SailNet Community banner
1 - 15 of 15 Posts

·
Registered
‘77 Pearson 10m
Joined
·
28 Posts
Discussion Starter · #1 ·
I have a new old boat (77 Pearson 10m) which only has depth, wind, and boat speed (not COG) instruments, and my iPhone has Navionics. That said, I’m interested in a plotter, but the options available are dizzying. Don’t need a fish finder but a bottom sonar has its appeal in the Chesapeake. Would like to integrate my Raymarine instruments, but I’m not sure if that pins me down to that brand. I’d like to hear opinions and options. No rush, I have plenty of starter projects way more important that the plotter.
 

·
Registered
Joined
·
25,129 Posts
Would like to integrate my Raymarine instruments
How old are these. Could be more complicated to integrate old stuff that communicated differently. However, I believe it can be done. Whether it's worth added expense of mix and match, converters, etc, for stuff that might die from old age anyway, is something to think about.

Re-doing navigation electronics can be expensive and I've bit that bullet more than once. Each time, after significant wait time and failures. I've always had great joy being on the boat and using the modern stuff and immediately forgot what it cost.
 

·
Registered
Joined
·
5,253 Posts
Today its hard to find a chartplotter that isn't also a fishfinder. And almost all will include a network (N2K) connection. Older speed/depth/wind instruments may not have network connections. Only you can decide how important that function is to you.
 

·
Registered
‘77 Pearson 10m
Joined
·
28 Posts
Discussion Starter · #5 ·
How old are these. Could be more complicated to integrate old stuff that communicated differently. However, I believe it can be done. Whether it's worth added expense of mix and match, converters, etc, for stuff that might die from old age anyway, is something to think about.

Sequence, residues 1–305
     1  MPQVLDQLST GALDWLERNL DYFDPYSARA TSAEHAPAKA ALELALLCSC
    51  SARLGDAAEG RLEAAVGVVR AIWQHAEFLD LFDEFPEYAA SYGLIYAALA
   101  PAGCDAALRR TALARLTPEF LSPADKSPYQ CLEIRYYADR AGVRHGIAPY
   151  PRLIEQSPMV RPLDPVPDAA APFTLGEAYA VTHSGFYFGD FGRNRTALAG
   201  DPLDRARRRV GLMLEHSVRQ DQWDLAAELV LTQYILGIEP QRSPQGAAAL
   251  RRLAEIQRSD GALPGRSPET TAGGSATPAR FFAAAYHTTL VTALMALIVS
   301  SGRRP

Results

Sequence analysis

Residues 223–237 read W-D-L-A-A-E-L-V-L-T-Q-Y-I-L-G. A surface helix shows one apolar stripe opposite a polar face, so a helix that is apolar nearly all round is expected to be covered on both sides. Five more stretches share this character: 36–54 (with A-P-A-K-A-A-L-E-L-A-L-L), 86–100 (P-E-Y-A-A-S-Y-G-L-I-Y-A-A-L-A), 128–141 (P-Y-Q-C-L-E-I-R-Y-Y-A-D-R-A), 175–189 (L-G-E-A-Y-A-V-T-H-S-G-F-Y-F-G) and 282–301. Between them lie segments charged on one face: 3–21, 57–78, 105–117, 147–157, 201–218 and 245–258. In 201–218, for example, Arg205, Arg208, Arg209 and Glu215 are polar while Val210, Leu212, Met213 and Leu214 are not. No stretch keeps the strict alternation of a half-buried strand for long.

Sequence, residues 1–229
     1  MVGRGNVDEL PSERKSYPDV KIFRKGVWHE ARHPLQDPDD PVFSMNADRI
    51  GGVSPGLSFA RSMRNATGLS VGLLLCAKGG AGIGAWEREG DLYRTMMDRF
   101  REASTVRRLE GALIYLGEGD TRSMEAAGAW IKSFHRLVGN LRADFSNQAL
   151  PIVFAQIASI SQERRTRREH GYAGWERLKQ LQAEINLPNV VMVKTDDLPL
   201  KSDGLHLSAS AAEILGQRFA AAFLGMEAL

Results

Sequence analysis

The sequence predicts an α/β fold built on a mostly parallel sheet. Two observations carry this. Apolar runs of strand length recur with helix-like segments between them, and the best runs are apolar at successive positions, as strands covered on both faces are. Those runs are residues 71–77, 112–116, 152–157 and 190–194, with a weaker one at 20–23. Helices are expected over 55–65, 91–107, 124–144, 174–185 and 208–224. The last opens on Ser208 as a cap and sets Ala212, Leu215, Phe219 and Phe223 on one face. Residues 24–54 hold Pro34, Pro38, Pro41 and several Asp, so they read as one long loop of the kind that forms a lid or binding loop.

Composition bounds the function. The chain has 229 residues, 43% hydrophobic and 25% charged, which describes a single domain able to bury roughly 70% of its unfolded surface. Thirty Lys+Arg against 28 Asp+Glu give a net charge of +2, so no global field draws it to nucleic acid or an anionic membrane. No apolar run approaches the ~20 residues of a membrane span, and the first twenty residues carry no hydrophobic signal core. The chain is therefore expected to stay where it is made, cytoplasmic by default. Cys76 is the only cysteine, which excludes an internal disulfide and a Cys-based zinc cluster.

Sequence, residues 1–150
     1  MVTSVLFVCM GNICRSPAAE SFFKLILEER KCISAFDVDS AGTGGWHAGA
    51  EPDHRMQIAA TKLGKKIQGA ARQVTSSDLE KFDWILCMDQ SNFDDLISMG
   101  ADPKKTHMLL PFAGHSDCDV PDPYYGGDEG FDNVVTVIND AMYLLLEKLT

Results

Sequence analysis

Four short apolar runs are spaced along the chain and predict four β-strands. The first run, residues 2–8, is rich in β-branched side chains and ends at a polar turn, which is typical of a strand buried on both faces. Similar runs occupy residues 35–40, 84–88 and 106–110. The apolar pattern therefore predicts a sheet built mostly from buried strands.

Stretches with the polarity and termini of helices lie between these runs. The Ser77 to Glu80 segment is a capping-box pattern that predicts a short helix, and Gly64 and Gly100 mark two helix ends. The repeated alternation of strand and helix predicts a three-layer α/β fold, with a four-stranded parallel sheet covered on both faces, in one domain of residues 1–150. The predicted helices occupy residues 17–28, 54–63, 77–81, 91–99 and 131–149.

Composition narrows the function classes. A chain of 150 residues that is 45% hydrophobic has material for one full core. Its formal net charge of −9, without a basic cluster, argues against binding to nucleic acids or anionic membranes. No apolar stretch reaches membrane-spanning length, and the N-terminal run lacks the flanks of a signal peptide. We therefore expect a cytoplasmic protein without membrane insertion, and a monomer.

Re-doing navigation electronics can be expensive and I've bit that bullet more than once. Each time, after significant wait time and failures. I've always had great joy being on the boat and using the modern stuff and immediately forgot what it cost.
They are the ST 60 + lineup that use NMEA to communicate with non Raymarine instruments and SeaTalk to connect other ST60+ instruments/display.
 

·
Registered
Joined
·
2,507 Posts
Hello,

The big names for marine electronics and especially chart plotters, are
Navico - they own B&G, Simard, and Lowrance
Raymarine
Garmin

B&G is very popular with sailors and they brag about having sailing specific features. The reality is that all of the units from all of the companies are more alike than they are different. If you planned on doing high end racing it would be different but for most people any plotter available today will have more features than you will ever use.

Some important things to think about:
-How big a plotter do you want? The smallest practical size is 5" and there are 12" unit out there too. Generally the bigger the screen the better, but prices increase rapidly as you get a larger screen, and, most importantly, you need to mount it somewhere.
-Where are you going to mount it? IMO the plotter should be within easy reach / easy viewing of the helm. To me it makes little sense to mount a nice plotter down below where no one can use it. The close to the helmsman, the better